In January of 2002, Galileo swooped down on the Jovian system, the last time it would do this with cameras on. There was a hard fought campaign to fund this, led by Jason Perry, due to the fact that it would allow photography of portions of Jupiter's moon Io that had never before been seen at close range.
However, this was not to be. Galileo would suffer a radiation-related glitch, common during the later portion of the mission, causing it to miss the entire Io imaging sequence. Largely this orbit was a loss, and it drove the final nail in the coffin of imaging on Galileo's final orbit, A34, during which it would fly by tiny Amalthea. In addition to funding problems, it was decided that turns for imaging would make it to likely that the spacecraft would shut down before the flyby.
A few views did get returned from the I33 orbit. They stand as a last testament to Galileo's camera. It brought us some unforgettable glimpses of the Jovian system. However, we only saw a small fraction of what we would have, had Galileo's main antenna opened properly.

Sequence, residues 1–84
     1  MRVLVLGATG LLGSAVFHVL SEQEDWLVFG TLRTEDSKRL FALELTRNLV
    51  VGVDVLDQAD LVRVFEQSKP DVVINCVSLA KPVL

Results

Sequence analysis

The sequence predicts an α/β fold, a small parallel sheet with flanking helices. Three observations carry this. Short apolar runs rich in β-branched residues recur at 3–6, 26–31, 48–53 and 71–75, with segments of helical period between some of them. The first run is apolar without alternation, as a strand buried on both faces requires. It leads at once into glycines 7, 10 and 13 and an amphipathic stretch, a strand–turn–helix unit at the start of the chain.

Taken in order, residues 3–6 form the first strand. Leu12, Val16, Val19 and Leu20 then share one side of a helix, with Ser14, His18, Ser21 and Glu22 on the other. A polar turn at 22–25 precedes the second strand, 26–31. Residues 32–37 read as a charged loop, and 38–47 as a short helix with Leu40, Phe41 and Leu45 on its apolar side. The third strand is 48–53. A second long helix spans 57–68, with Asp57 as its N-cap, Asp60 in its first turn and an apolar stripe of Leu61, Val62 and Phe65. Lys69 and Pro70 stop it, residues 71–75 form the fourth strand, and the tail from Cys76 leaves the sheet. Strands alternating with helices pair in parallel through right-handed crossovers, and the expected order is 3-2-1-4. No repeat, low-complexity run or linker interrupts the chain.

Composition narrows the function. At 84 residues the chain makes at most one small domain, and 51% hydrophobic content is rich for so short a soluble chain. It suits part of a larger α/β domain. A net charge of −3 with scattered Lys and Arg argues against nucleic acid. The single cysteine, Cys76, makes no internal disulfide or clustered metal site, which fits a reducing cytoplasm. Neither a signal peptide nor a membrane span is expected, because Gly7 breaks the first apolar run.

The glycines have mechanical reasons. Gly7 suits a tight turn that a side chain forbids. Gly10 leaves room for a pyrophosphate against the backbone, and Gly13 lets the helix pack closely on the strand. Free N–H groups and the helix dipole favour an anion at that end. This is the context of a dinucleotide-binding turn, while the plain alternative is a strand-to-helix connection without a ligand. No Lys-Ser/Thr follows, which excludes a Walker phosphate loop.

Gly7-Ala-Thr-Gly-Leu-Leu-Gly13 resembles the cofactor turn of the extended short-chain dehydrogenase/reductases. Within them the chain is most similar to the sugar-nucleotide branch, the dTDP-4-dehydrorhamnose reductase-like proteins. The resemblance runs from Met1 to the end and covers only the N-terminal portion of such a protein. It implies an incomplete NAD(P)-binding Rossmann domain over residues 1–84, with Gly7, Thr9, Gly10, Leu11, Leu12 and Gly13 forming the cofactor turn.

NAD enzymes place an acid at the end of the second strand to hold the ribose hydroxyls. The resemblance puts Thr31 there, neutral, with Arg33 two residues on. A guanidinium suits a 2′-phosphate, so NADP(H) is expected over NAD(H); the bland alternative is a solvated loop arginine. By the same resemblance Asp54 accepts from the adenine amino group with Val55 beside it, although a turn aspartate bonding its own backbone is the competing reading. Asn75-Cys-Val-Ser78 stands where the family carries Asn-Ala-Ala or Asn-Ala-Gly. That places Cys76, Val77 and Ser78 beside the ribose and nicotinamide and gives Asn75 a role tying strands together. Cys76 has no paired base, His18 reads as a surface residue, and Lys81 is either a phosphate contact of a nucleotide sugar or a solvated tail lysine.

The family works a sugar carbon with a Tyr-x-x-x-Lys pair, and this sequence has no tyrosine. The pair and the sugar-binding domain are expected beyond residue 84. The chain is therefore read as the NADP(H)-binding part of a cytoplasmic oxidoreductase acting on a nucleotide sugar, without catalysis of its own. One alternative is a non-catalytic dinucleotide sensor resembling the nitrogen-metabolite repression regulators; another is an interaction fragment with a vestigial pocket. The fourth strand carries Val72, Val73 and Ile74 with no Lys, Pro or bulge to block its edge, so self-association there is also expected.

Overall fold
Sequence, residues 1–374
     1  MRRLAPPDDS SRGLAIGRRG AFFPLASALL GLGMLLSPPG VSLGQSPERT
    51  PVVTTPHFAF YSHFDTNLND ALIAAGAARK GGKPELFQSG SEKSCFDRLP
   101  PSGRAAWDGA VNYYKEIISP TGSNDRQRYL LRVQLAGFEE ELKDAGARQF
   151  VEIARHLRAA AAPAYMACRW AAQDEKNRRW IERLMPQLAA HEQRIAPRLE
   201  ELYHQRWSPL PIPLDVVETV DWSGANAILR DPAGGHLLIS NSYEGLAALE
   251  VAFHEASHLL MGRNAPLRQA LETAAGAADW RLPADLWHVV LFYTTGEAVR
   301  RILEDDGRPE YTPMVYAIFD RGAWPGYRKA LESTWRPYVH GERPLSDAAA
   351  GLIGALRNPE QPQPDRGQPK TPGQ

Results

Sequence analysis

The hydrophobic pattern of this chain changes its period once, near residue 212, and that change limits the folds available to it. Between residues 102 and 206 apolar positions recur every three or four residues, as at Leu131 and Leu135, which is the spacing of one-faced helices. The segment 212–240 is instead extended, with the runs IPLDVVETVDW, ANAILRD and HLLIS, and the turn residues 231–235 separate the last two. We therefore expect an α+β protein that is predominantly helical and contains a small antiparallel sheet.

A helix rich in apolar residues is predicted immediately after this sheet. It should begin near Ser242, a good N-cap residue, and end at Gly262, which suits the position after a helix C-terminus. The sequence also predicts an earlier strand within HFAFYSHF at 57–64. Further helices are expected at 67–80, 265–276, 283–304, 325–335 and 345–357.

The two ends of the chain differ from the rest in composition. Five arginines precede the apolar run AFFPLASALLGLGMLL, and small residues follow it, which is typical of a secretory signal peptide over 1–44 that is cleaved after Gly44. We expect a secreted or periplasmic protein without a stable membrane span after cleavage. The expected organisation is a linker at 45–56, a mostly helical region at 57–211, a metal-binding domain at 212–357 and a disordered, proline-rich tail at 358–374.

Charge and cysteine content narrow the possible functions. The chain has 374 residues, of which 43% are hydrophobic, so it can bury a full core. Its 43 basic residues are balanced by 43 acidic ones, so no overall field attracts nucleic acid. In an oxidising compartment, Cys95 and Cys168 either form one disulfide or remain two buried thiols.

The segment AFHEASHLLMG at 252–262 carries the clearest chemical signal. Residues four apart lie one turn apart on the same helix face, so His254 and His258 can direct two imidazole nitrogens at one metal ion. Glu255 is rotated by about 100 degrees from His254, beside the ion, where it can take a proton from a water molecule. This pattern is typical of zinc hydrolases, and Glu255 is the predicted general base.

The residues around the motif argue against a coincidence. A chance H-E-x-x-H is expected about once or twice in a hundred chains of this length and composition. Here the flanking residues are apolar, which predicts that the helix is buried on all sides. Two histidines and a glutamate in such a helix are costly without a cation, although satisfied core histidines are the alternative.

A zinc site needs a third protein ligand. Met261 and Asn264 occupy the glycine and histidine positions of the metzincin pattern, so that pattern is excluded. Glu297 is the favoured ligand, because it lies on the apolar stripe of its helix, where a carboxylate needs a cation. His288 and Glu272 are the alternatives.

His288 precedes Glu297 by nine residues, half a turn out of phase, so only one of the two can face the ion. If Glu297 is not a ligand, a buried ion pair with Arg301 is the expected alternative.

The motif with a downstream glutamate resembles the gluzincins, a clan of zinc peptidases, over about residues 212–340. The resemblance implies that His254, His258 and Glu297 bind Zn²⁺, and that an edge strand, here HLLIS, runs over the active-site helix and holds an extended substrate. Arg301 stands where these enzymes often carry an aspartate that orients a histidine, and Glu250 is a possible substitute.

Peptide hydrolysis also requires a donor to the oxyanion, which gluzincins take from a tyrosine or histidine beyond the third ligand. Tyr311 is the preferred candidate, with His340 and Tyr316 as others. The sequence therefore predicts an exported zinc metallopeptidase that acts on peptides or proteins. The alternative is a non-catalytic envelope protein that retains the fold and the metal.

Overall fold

This view shows the top of the red spot on the limb of the planet. It is amazing to see all the intricate paterns in the clouds.
This view, taken as the red spot rotated further onto the disk, is a false-color view, generated from various infrared views. It certainlys shows great contrast between the spot (which appears blue here), the cloud belts, and the thunderheads that can be seen on the lower left.
This final view shows the spot rotating across the terminator, into the Jovian night.
On its way in and out, Galileo took these two snapshots of Amalthea. The purpose was to improve navigation for the upcoming flyby of this little moonlet, but such images also help in the study of the shape of irregular worlds.
Galileo also took a series of views of the Jovian cloudtops much further into the infrared than its camera could see, trying to study the temperature and composition of the clouds. This one shows Io, the bright spot to the left of the disk, and its shadow on the cloudtops, just left-of-center. It would be Galileo's last look at Io, and a bittersweet one, considering what might have come from this flyby.
This final image is of Europa. Taken to study the way Europa reflects light when it is viewed at a "full moon" illumination angle - called opposition surge - it is Galileo's last view of a world where it discovered an ocean beneath the icy surface, and a world that Galileo turned into a top priority for future exploration.